Controlling the Kiddie Cavemen

We moms all pretty much have the same goal. We want to raise smart, independent, well-mannered and good-hearted children. We want them to grow up in loving households feeling empowered and ready for all the world has for them later in life. Within all of this lies the concept of child autonomy and its role in children’s development. Should children be given choices early on in life? How much is too much choice? These are all questions parents mull over as they attempt to raise healthy kids with ambition and drive.

Before you became a mom, it’s likely that you had more than a few expectations about the way you would parent. Think about all of the things you said you’d never do. Now compare that list to the more realistic version of your current parenting style. You never know how you’ll respond to things until you’re faced with them. I would love to believe that giving my children choices about everything in life would lead to well-adjusted, self-sufficient humans ready to take on the world; but that isn’t sensible, and sensible is mandatory when you’re a mom!

Here is perhaps an unpopular opinion in the mommy world: I think most kids are given too many choices at too young an age. I honestly do. I think you set the kids up to rule the house and take over in ways they’re simply not prepared for when there aren’t clear parameters for what they can and cannot decide. An author by the name of Dr. Harvey Karp is well known for his “Happiest Baby” series of books and DVDs. In them, he suggests thinking of babies and toddlers as little “cavemen.” (The image that conjures up in my head is hilarious.) While I don’t literally see my kids that way, Dr. Karp’s take on boundaries offers some gems.

The fact is, young children aren’t equipped with the knowledge to select perfectly balanced meals or seasonally appropriate clothing each day. They depend on their parents and guardians to help them with basic survival needs and skills. So, because I realize that having a choice in matters gives my sons the feeling that they are in control of certain things, I offer them the “right to select.” For an example, I put bowls in front of them, each with a different fruit, and I give them the right to select which they’d prefer to eat with dinner. I choose beautiful clothing, assembled into a few different outfits and give them the right to select which they want to wear that day. Now, do they get to put on shorts and a tank in super cold weather? Absolutely not. I recognize that this is where my role as their mother comes into play, and I exercise my right to overrule things that won’t be good for them.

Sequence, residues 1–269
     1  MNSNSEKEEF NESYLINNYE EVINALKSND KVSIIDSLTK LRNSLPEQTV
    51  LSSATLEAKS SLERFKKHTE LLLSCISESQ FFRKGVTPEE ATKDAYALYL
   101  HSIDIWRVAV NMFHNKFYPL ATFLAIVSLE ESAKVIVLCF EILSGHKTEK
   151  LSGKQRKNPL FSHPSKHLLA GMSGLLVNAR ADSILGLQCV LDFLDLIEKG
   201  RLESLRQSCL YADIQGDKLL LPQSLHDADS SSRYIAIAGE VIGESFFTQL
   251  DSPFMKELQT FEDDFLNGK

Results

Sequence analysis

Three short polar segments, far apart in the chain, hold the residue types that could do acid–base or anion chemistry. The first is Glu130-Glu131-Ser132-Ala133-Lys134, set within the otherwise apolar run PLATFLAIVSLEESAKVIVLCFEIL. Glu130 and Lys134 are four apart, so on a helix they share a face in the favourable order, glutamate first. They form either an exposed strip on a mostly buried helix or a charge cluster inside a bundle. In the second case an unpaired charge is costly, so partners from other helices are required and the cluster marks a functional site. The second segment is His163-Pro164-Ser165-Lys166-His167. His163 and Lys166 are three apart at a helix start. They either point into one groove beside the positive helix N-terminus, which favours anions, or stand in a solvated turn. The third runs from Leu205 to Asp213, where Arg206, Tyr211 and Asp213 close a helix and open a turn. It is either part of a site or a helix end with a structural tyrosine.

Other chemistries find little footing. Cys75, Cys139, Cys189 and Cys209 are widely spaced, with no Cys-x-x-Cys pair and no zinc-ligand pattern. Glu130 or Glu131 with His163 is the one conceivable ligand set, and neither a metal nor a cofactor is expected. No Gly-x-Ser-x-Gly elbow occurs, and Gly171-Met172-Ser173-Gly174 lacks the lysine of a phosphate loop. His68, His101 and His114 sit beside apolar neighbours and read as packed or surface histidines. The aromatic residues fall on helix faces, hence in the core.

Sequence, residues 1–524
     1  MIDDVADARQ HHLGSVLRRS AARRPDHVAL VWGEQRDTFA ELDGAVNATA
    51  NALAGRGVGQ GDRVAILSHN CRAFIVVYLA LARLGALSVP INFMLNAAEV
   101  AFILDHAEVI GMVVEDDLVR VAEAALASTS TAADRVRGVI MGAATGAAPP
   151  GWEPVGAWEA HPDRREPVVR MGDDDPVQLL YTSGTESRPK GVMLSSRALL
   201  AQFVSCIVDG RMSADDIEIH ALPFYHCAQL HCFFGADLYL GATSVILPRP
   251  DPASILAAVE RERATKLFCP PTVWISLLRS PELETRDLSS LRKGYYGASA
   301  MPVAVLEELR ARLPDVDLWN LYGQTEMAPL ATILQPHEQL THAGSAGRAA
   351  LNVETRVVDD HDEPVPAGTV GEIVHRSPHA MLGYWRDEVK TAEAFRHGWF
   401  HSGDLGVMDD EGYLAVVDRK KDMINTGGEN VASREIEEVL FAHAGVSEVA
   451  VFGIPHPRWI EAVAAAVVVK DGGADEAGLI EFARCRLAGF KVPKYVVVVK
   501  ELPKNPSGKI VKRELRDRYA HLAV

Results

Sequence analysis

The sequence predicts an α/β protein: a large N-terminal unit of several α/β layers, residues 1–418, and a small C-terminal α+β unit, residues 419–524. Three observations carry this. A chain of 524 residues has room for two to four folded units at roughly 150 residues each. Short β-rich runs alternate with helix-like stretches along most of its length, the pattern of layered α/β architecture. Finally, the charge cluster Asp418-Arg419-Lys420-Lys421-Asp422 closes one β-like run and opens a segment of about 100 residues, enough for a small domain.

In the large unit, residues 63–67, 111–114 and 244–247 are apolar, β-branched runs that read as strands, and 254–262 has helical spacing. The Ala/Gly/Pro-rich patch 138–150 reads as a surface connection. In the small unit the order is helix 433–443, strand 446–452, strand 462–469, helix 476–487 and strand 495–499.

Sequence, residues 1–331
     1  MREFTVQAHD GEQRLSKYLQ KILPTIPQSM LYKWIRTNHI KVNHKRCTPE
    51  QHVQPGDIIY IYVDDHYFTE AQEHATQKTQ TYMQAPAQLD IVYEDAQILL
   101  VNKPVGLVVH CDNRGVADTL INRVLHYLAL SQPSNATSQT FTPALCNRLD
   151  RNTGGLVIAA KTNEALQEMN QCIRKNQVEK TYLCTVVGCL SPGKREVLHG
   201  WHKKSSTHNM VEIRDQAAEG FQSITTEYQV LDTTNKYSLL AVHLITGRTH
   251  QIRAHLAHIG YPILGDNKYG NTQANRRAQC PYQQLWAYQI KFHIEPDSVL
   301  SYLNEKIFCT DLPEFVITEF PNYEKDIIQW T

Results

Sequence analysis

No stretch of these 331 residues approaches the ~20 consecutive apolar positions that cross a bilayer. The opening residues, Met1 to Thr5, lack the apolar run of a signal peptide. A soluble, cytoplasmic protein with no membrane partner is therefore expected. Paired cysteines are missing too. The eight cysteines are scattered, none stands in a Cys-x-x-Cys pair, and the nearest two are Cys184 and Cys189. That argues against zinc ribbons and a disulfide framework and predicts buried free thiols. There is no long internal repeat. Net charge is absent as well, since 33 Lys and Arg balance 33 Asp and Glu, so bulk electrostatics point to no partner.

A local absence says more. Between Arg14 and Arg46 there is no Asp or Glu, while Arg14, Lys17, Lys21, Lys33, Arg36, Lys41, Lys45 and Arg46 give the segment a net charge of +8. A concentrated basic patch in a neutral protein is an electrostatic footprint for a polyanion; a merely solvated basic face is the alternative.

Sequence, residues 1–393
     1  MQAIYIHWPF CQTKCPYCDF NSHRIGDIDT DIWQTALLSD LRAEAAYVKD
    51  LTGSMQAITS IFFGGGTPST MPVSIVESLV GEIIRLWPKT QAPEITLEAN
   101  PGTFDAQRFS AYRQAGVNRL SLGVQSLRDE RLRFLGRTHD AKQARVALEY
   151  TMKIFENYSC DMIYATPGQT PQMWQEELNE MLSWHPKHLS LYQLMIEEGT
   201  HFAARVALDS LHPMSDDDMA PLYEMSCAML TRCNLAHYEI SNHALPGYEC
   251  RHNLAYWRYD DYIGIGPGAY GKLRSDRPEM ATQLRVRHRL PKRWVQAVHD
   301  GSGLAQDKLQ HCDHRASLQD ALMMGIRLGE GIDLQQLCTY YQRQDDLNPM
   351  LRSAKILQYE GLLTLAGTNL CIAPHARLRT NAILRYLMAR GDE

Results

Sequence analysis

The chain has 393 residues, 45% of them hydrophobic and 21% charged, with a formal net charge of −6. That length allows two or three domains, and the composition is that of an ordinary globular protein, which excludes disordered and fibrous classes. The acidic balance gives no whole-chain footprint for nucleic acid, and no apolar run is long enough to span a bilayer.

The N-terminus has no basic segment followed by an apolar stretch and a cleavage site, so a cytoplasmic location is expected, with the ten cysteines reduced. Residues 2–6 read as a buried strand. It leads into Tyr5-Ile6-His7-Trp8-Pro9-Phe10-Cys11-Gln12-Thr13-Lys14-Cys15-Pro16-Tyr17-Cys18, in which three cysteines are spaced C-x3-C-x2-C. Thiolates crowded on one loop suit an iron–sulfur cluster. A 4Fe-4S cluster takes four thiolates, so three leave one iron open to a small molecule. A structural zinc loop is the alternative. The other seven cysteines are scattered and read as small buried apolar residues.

It is important to note that there are instances in my household when “because I said so” is applicable. In some mommy circles this is almost a cardinal sin, but in mine, it depends on what’s taking place in that particular moment. I have two boys, and when I’m helping one and see the other doing something that could be dangerous, I’m not offering him a choice to cease—I’m demanding it. In that moment, he doesn’t have to understand why; he just has to obey so that he lives to see the next moment! “Because I said so” in my household looks like 1-2-3-Magic. It may look different in yours. I realize that this doesn’t always work for every 2017 mom, but I find that establishing respect is important. My sons know without question that I love them, and that comes with understanding mommy makes decisions that keep them safe because I know best. Chaos isn’t a regular occurrence in our lifestyle, and I think this is a big reason why.

Maintaining an amount of order and authority in my home is important, but it isn’t because I seek to rule over my children. I want to keep them safe and be a guiding force. It is important to be as soft as you are hard. Providing my children the opportunities to make decisions regarding their lives is significant in many areas. I want them to choose the creative elements that speak to them: the books, the colors they choose to paint with, even the kiddie shows they’re interested in. I respect that they’re little people with opinions and tastes. I am just careful never to forget that their growth and development has to be nurtured by me. So for now, their choices are a bit more controlled than they realize, and we’re all happy with that.

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